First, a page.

Do Beard Conditioners Expire?

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Reaching for that old beard oil or beard balm and uncertain if it’s still any good? 

Generally, you want to use any beard conditioner about six months to one year after purchase.  

Here’s why:

Ingredient Shelf Life Varies

Popular beard conditioners are made from a blend of natural ingredients, including carrier oils, essential oils, butter, and beeswax.  

Just like the food in your cabinets, these natural ingredients will eventually go bad.

Unfortunately, beard care companies aren’t required to put an expiration date on their products. Thus, leading to confusion about how long a product lasts.  

To counteract this lax labeling requirement, we went ahead and researched a few popular wholesalers where beard care companies often source their raw ingredients from.  This would help provide a better understanding of the true shelf life of beard conditioners.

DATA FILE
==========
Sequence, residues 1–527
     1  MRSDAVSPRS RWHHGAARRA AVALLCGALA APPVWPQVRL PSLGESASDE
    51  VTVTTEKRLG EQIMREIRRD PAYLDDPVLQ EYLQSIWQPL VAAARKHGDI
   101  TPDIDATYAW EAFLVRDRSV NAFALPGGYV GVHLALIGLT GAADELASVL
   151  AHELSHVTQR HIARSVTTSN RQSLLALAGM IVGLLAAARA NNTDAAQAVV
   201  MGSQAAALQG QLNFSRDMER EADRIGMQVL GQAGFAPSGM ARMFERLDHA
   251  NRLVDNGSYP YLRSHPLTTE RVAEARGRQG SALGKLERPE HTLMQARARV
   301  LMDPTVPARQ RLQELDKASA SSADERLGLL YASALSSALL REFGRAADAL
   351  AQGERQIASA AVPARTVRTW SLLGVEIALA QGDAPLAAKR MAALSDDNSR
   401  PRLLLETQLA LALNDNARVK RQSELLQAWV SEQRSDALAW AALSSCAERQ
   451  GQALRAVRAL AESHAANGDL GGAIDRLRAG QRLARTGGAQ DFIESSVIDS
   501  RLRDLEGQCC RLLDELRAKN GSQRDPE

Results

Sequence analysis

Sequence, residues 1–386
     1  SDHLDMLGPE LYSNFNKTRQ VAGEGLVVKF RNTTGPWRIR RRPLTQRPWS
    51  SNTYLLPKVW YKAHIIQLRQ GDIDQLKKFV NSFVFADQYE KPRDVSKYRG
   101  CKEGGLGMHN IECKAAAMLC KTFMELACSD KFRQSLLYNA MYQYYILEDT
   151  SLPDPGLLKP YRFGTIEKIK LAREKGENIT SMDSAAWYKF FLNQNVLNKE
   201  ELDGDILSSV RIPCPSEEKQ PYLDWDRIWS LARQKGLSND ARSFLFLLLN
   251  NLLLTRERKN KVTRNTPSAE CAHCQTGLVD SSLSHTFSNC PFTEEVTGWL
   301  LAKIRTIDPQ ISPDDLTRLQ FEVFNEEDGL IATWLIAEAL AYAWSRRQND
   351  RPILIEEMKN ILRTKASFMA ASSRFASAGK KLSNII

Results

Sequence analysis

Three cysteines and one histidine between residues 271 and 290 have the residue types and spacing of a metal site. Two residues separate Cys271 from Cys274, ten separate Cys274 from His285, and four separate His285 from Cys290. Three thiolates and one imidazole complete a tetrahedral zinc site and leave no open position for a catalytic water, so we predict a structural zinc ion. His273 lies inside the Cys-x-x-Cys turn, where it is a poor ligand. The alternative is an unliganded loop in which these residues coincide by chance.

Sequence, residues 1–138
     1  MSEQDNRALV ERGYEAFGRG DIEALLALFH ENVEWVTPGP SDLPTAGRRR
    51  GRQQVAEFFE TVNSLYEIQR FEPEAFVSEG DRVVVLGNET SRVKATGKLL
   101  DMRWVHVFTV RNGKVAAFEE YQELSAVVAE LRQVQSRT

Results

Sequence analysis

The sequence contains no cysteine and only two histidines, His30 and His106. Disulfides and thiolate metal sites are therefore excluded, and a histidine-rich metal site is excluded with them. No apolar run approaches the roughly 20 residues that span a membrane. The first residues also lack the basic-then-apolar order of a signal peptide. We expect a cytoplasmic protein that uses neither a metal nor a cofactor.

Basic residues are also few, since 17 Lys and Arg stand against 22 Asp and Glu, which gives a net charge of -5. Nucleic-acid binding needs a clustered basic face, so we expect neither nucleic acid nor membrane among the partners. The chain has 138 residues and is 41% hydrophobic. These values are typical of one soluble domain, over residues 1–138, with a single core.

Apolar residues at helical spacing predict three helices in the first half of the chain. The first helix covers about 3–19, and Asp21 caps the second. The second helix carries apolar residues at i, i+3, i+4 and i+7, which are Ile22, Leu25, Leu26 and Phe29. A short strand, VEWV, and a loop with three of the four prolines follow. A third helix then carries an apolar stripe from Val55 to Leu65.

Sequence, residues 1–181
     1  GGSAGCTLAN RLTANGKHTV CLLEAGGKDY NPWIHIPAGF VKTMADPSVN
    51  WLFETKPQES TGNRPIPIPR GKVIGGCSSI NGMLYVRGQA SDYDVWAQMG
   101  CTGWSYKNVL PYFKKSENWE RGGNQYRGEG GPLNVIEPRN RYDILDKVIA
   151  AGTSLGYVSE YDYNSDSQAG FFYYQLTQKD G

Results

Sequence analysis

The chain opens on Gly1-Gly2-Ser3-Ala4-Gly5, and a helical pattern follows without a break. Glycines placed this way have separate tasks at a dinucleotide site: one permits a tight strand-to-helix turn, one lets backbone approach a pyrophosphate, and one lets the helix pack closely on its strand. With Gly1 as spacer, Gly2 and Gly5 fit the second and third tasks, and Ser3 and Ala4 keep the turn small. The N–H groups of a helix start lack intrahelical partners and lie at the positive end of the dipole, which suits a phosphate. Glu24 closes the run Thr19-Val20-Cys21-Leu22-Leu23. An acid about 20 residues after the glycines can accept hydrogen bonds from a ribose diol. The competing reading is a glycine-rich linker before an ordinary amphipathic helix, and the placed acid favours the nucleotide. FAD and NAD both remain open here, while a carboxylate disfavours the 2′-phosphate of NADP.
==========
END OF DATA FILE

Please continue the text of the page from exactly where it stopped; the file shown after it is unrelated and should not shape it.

Here’s what we discovered:

Carrier Oils

These are added to all beard conditioners and are responsible for nourishing and moisturizing your skin upon application.  There are many different carrier oils, however, jojoba, argan, grapeseed, and sweet almond oil are among the most popular. 

Jojoba Oil

On average, jojoba oil has a shelf life of three years, the longest of all the carrier oils we researched: